Having rolled grass into a neat round bale of hay or silage, it makes sense to dispense it neatly too. Peter Hill looks at equipment that can do just that.
For many farmers, a cutter that simply slices the bale in half and leaves the contents in a heap on the floor is just fine. But for a more controlled approach to dispensing fodder from round bales along a barrier or out in the field, an unroller will save having to fork the material into place.
So what’s out there?
The Daisy D Bale Unwinder is about the simplest on the market. It comprises a frame carried on a tractor’s three-point linkage or front-end loader with bales held by either one or two sets of twin spikes that rotate via hydraulic drive from a self-lubricating motor. To feed-out unchopped hay, silage or straw, you simply spike the bale, remove the plastic wrap and netting and drive along with the spikes turning – job done. Unrolling speed can be adjusted from 1-50rpm which, together with the travel speed of the tractor, determines the size of the resulting “swath” of preserved fodder.
All other implements performing this task cradle the bale and use some form of conveyor or teasing rotor mechanism to rotate it so that material is dispensed more actively.
The Combi-Feeder from Rekord is designed for more than round bales. Its chain and slat conveyor, which can be set at three different angles by tilting the entire machine, can dispense straw, meal, some roots and silage cut in a block as well as heavy chopped silage bales.
With a discharge height of up to 1.7m, it can dispense these feeds into a trough or over a rail, as well as along a barrier, plus the implement has adjustable offset for reach. In addition, the three-point linkage headstock can be attached so that the machine dispenses to the left, right or in-line behind the tractor.
Operators can do the same with turntable versions of the Altec Axial bale unroller from Broadwater Machinery simply by rotating the machine on a spindle. There is a basic fixed version, too, and hydraulic loading arm and offset delivery models to suit different situations, as well as versions to work on the back of a tractor or the boom of a telescopic handler.
Add the optional pair of horizontal spinner discs to the rear of the machine and the Axial can also dispense bedding straw.
The Göweil RBA round bale unroller from Lely can also have straw spreading tines added and can dispense in one of three directions – but in this case by slotting the separate pallet fork carriage mounted on the tractor’s three-point linkage into different slot positions.
Although the high-sided RBA can be loaded from above using a bale grab, the optional self-loading telescopic arm is a better bet. It also makes it easy to remove plastic and net since the bale is inverted by the loading process. Plastic wrap and netting can be cut away from the upper half of the bale first, then from the lower half once it has been placed on the flat platform. A plain chain and slat conveyor pushes and rotates the bale against a set of flexible tines projecting from a curved housing similar to a baler pick-up.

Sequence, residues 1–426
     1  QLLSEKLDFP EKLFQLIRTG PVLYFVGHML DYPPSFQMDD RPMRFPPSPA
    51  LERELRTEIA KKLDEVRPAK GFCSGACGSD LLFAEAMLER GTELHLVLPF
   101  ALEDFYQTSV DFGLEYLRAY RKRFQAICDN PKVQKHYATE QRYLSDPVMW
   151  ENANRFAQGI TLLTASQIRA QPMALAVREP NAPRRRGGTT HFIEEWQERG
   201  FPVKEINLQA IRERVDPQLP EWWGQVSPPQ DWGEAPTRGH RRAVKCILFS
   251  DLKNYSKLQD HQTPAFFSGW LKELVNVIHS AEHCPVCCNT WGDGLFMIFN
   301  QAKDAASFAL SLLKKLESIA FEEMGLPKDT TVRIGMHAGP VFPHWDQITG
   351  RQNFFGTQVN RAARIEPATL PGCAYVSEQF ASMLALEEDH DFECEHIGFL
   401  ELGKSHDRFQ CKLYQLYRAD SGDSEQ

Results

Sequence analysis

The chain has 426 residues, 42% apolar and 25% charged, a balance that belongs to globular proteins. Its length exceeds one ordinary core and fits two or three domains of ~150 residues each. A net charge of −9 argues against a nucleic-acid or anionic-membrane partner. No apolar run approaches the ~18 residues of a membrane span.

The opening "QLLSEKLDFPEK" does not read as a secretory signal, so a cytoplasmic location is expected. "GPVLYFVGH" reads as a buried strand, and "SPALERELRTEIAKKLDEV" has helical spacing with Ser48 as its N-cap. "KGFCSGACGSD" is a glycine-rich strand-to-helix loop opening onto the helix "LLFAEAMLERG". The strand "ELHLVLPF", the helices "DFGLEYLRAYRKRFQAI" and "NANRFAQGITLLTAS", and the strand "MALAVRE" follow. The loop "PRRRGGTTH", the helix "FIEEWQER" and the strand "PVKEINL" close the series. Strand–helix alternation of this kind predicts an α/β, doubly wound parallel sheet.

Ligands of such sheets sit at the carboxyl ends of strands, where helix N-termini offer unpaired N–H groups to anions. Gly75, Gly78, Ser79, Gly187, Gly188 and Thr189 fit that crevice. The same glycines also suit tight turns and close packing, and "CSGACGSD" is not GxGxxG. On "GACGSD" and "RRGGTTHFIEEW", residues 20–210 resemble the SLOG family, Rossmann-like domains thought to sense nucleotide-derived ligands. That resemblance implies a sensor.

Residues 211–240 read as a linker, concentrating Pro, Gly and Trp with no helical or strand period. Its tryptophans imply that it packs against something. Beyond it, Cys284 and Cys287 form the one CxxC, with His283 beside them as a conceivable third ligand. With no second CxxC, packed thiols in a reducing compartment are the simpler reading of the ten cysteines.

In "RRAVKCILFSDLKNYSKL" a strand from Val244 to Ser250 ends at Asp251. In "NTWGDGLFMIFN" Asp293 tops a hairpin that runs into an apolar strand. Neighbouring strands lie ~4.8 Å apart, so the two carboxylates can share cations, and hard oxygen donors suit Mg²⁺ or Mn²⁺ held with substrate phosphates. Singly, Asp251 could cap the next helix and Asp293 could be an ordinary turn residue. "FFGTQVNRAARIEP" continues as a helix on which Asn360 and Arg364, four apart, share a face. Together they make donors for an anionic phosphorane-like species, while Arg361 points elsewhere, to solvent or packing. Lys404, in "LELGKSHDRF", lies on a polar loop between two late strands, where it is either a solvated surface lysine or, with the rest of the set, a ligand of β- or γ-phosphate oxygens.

The tractor-mounted Duncan Eco Feeder imported by Dales Agri Sales is another self-loading machine, only this design has a fixed loading arm. It is lowered to pick up a bale by tilting the entire machine by hydraulic cylinder. Apart from minimising hydraulic requirements, this approach also means the spiked chain and slat conveyor can be set at different angles to influence its aggressiveness as it rotate and teases material from the bale.
A three-stage loading process is used with another four bale unrollers – the Rekord Sidewinder; the Hustler SL-350 and Chainless 2000, both imported by Broadwood International, and the Forager X10 from Quad-X.
In each case, the implement is carried on a twin-spike frame attached to the tractor’s three-point linkage. The spikes are disengaged from the machine to put a bale on board the low-sided platform, and then slotted in again to take it to the feeding location.
Where an automatic hydraulic-drive coupling is fitted, the operator only needs to hop off the tractor seat to cut away any plastic wrap and/or netting during the loading process.
The Hustler SL-700 and Chainless 4000 also self-load but using a pair of spikes on a linkage mechanism at the back of the machine. The spikes can also be used to carry a second bale to the feeding location.
A fodder cutting mechanism is built into the Tonutti Wolagri Bale Shredder from Rekord.
It comprises a single oscillating knife that cuts the forage into neat wads as it comes off the bale, which is rotated by a set of indexing tines in the base of the machine. The size of wads produced is adjustable and a belt conveyor can be added to deliver the material further away from the side of the machine. The tractor-mounted machine – which comes in two models to accommodate different bale sizes – is supported on a set of four castor wheels. A hydraulically-manipulated arm gets each bale on board.
See all these and more at the Dairy Event and Livestock Show, which takes place at the NEC in Birmingham on 5-6 September.